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eefanincan
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PostPosted: Tue May 01, 2007 2:17 am    Post subject: Reply with quote

Kezza wrote:
faceless wrote:
I wonder how many of the people campaigning for such laws drive around in big SUVs, polluting the hell out of everyone else?


Erm, hands up! That would be me!!! But please consider my experience before passing judgment


That's some rough luck, Kezza. I hope you're both doing better now.

Some SUV's are quite fuel efficient now, so not as bad as they once were. Still, I think they're better than most mini-vans if you've children and lots of stuff to carry around.

Interesting point you made about Virginia being the home of Phillip-Morris.... I can see that they obviously carry a lot of political weight there (or else are paying some people off big-time!). Here in my part of Ontario, there were tons of tobacco farmers, but recently they've almost all gone out of business since Imperial Tobacco has left the area.... I believe they encountered too many tough anti-smoking laws/bans/taxes, etc. etc...... there's A LOT of upset tobacco farmers and several people and families out of business. I know another big concern in the area were the many children who didn't start school on time in the fall as they were required to stay at home and help with the tobacco harvests.

It's a very complex issue, whether you're for smoking or not.
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faceless
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Joined: 25 Apr 2006

PostPosted: Tue May 01, 2007 10:21 am    Post subject: Reply with quote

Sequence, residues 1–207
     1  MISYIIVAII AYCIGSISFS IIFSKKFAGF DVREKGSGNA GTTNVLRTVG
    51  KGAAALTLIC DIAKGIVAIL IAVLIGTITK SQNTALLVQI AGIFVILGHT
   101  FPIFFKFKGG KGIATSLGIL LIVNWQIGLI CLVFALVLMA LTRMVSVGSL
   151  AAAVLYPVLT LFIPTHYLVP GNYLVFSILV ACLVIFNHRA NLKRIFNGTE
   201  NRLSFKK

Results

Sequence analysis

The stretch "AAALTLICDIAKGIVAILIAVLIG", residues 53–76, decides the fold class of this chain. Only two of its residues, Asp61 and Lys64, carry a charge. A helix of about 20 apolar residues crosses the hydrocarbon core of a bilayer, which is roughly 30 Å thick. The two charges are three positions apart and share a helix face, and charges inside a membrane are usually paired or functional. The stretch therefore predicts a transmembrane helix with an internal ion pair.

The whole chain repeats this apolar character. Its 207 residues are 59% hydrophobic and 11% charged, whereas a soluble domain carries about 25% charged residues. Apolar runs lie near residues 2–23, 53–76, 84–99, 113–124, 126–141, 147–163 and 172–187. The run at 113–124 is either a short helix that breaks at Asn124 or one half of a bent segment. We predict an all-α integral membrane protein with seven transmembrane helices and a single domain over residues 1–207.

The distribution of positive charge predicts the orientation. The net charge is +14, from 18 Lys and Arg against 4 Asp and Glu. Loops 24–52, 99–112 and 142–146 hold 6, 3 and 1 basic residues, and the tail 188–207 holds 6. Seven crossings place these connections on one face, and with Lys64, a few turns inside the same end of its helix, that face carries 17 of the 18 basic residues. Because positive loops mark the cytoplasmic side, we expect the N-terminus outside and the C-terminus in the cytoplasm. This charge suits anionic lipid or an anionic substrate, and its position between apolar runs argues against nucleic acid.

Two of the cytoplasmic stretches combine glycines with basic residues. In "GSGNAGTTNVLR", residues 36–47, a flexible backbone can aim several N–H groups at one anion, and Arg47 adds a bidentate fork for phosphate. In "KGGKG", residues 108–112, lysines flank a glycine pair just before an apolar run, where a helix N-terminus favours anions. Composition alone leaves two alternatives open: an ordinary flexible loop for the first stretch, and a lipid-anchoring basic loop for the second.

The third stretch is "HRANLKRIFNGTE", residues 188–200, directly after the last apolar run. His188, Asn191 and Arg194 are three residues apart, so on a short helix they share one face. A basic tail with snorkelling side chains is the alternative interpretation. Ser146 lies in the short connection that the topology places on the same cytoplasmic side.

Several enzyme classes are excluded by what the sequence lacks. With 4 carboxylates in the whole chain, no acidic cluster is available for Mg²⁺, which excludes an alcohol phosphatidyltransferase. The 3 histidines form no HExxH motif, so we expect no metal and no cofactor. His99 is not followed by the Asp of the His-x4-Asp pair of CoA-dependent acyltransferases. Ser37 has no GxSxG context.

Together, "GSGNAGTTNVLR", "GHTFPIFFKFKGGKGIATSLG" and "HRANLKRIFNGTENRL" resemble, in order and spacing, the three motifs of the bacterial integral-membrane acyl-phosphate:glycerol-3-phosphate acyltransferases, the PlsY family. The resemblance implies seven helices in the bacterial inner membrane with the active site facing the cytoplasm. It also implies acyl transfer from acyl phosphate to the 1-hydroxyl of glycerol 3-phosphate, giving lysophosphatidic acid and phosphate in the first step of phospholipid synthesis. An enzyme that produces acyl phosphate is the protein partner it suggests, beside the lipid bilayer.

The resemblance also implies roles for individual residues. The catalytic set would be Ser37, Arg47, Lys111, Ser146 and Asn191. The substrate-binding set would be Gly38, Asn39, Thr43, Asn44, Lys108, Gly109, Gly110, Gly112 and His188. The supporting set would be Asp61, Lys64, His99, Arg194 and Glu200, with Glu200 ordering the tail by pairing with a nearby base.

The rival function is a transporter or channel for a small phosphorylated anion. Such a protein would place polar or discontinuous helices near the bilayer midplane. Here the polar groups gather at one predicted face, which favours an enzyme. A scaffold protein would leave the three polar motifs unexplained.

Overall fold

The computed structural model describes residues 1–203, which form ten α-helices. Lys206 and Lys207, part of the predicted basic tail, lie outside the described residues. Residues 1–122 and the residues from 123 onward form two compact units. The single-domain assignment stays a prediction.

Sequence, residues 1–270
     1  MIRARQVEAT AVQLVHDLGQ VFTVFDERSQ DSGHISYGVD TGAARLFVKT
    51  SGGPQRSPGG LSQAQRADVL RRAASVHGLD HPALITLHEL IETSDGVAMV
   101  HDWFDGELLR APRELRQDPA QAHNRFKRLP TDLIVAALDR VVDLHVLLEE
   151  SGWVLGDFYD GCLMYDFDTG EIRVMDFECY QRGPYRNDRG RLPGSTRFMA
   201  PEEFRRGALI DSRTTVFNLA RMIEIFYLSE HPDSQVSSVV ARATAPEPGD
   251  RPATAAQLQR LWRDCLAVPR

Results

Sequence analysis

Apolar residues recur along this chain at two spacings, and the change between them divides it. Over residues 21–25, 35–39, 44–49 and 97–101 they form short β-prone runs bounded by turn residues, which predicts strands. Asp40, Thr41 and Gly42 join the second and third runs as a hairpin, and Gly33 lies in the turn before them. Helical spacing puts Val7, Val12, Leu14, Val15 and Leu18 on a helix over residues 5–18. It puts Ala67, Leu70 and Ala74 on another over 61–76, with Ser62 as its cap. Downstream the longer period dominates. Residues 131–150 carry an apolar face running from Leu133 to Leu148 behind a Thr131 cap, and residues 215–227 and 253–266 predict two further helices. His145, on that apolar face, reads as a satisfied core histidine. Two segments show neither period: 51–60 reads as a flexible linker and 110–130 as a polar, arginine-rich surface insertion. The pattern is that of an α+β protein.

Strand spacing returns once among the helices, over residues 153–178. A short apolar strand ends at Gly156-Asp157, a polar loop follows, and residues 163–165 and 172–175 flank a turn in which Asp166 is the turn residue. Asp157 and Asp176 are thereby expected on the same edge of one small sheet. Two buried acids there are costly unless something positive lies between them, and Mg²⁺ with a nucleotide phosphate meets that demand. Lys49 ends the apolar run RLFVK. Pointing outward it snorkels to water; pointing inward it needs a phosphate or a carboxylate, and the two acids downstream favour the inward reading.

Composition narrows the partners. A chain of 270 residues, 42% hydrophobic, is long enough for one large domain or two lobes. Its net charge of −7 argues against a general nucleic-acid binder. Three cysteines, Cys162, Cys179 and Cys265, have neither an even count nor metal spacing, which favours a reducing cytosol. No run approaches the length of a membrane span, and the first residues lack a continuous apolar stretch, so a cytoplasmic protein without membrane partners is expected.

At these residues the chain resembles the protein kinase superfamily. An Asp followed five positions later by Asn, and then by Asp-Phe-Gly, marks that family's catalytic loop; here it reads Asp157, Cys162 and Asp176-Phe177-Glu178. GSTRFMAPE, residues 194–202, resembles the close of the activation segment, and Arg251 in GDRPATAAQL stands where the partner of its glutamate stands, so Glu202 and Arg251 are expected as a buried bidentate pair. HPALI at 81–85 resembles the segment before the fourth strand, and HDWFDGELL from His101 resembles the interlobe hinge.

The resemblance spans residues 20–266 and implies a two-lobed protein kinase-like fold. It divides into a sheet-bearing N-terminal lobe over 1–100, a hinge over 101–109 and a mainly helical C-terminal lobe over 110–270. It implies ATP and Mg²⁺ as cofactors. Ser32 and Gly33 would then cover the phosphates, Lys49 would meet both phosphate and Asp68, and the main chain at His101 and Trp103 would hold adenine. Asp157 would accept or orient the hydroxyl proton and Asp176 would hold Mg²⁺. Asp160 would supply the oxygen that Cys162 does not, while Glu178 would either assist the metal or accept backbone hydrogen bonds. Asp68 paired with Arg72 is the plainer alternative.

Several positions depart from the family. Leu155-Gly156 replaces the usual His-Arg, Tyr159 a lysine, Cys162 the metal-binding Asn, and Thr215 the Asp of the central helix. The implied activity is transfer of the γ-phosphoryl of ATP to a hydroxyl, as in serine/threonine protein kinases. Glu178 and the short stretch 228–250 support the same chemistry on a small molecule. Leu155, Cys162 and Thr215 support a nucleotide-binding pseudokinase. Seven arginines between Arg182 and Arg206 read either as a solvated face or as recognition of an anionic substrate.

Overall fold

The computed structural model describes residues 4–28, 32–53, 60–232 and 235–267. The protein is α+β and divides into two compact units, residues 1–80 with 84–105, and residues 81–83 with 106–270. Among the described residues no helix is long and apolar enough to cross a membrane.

Here's a test that goes to show my point... Fill one room full of cigarette smoke and one room full of car-exhaust then get people to sit in each one. After a while the people breathing the car-exhaust will be dead, while the ones breathing the cigarette smoke will maybe have a sore throat.

Don't ban cigarettes, ban the combustion engine!
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luke



Joined: 11 Feb 2007
Location: by the sea

PostPosted: Tue May 01, 2007 11:07 am    Post subject: Reply with quote

faceless wrote:
Don't ban cigarettes, ban the combustion engine!


here here, as a smoker and not having driven since i drove my moped into the back of a car this sounds a great plan Smile

i'm completely against this blanket ban they are bringing in here soon, venues should be able to choose if they want to allow smoking or not

its stupid really, i could sit in a pub all day and night working on getting cirrhosis of the liver or whatever alcohol related nastiness before getting all rowdy and causing a fight, but they won't let me work on my lung cancer at the same time Confused wink

i could eat kentucky fried super fattening industrial farmed genetically modified chemically fattened chicken all day until i was pumping pure fat around my veins instead of blood, but i couldn't finish the meal off with a smoke Confused